As science-fiction classic Alien turns 40, Getintothis’ Philip Newton reflects on the enduring artistic qualities of Ridley Scott’s masterpiece.
Since its release in 1979, the impact Alien has had on Science Fiction can still be felt to this day.
The film successfully ported old monster horror science fiction tropes into a more modern, gritty format and helped turn the popular perception of extraterrestrial terrors away from the Dr Who school of BBC wardrobe delights to something much more psychologically horrifying.
That same year also saw The Thing wonderfully remade by John Carpenter, but Alien had many more thematic influences on films to come.
Protagonist Ripley helped establish the “Space Heroine” in Hollywood with Jodie Foster in Contact, Amy Adams in Arrival, and Natalie Portman in Annihilation all taking obvious nods from her.
The film also presented a more noir-influenced vision of the future with darkness used as effectively as light helping aid the creation of a lurking, mysterious, seemingly invincible killer.
The premise of an exotic, extraterrestrial beast slaying a group of humans one by one was nothing new.
The original The Thing from 1951 is a direct and classic example.
The execution of the story, however, and how the beast is delivered in Alien was terrifyingly fresh and unique.
A huge part of Alien’s success must be attributed to the design of the xenomorph itself by legendary Swiss artist H.R Giger. Both he and writer Dan O’Bannon were originally scheduled to work on Alejandro Jodorwsky’s Dune, the great Science Fiction white whale of our time.
This production was eventually abandoned due to many outlandish factors which are documented in the truly excellent documentary Jodorowsky’s Dune. This legendarily crackers project would have produced a fourteen hour epic featuring none other than Salvador Dali and Mick Jagger.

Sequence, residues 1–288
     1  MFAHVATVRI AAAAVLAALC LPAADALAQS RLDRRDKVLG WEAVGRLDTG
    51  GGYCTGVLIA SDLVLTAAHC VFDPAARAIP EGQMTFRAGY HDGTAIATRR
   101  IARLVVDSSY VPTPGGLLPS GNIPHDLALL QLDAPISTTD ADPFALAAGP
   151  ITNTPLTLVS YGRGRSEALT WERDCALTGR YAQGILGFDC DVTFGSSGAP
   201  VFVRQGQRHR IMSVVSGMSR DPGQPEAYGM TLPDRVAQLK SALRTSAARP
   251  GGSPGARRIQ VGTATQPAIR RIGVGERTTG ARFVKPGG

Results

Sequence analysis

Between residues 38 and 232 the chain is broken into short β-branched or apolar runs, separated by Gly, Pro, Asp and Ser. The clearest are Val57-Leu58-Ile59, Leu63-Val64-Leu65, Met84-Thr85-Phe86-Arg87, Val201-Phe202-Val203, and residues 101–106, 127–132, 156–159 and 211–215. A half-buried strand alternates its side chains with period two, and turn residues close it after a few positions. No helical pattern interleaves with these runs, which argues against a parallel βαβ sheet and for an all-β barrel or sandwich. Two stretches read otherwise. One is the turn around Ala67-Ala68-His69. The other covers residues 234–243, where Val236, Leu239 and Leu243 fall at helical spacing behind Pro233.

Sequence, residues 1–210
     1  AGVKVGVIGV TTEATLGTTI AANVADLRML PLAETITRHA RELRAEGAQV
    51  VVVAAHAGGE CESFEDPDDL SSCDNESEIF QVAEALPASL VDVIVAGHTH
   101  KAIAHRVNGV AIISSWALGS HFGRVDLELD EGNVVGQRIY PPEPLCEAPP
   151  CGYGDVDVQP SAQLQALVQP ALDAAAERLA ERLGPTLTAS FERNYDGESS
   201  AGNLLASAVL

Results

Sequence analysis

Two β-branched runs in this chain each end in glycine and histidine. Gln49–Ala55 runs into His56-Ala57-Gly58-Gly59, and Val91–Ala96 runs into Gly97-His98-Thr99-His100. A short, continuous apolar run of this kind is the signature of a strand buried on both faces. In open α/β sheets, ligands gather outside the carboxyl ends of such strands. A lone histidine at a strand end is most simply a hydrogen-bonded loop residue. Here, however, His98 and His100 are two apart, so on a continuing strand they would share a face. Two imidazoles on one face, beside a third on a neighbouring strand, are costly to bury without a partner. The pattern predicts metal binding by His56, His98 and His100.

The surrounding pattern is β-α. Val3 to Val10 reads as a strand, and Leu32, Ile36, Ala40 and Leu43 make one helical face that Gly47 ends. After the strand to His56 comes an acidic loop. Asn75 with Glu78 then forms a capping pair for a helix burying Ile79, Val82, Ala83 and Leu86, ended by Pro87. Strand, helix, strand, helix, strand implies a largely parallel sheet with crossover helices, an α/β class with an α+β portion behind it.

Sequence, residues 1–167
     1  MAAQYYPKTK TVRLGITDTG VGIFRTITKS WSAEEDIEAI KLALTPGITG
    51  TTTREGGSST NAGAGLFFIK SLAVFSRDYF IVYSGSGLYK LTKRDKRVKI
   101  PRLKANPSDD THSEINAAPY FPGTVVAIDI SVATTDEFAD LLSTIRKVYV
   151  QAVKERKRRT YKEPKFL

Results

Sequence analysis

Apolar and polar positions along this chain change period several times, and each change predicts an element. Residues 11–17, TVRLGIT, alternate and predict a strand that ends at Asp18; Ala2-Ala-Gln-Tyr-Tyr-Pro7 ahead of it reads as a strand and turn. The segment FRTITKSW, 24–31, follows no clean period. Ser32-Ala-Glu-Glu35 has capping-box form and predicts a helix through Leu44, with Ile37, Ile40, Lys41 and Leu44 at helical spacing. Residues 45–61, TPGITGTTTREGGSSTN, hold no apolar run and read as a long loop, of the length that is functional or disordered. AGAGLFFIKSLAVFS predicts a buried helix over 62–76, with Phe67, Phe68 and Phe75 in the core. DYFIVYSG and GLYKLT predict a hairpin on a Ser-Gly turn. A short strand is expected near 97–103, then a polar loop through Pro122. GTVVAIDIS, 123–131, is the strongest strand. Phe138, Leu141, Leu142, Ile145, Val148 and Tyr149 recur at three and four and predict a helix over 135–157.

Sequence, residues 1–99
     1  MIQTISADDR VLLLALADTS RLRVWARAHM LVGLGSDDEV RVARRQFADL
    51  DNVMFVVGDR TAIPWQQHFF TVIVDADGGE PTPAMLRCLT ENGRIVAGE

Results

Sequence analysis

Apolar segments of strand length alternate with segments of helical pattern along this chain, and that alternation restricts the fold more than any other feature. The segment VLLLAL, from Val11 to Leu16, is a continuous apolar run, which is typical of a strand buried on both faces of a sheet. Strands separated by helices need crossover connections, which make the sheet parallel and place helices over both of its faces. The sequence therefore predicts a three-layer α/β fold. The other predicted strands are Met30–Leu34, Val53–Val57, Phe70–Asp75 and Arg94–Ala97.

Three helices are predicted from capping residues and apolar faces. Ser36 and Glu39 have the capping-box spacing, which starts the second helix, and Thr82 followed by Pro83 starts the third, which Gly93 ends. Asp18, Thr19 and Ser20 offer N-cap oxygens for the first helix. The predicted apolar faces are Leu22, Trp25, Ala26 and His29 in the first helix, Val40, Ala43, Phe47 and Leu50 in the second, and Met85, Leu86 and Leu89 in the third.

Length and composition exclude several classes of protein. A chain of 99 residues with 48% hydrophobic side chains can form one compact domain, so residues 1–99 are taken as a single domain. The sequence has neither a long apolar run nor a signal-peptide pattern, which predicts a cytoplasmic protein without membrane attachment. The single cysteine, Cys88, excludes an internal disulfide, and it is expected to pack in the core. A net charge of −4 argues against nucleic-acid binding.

Now at a loose end, O’Bannon began on the path that would lead to the writing of Star Beast – later to be renamed Alien, given how many times the word appeared in the script.
Original designs for the beast were varied, one even being a small dwarven creature, until O’Bannon showed Ridley Scott an airbrushed work from Giger’s book Necronomicon.
Painted directly from nightmares he suffered, the monster incorporated grotesque phallic symbolism as well as elegant curvature. It was just the unsettling presence Scott had been imagining after reading O’Bannon’s script, and so the die was cast.
Audiences were terrified and mesmerised in equal measure. The Alien had burst onto the scene – literally.
Talking of which, it is impossible to discuss the film without referencing its, and one of cinema’s, most iconic scenes.
The xenomorph bursting out of poor Kane’s (John Hurt) chest was as much of a shock to the cast as it was to audiences.
The script had apparently merely stated that the alien “would appear” as direction, and the stunt was kept under close wraps by the crew in order to capture genuine looks of shock on the actors faces. Veronica Cartwright (Lambert) reportedly passed out after having the fake blood sprayed on her face following the explosive introduction.
As Weaver later remembered: ‘Everyone was wearing raincoats – we should have been a little suspicious.’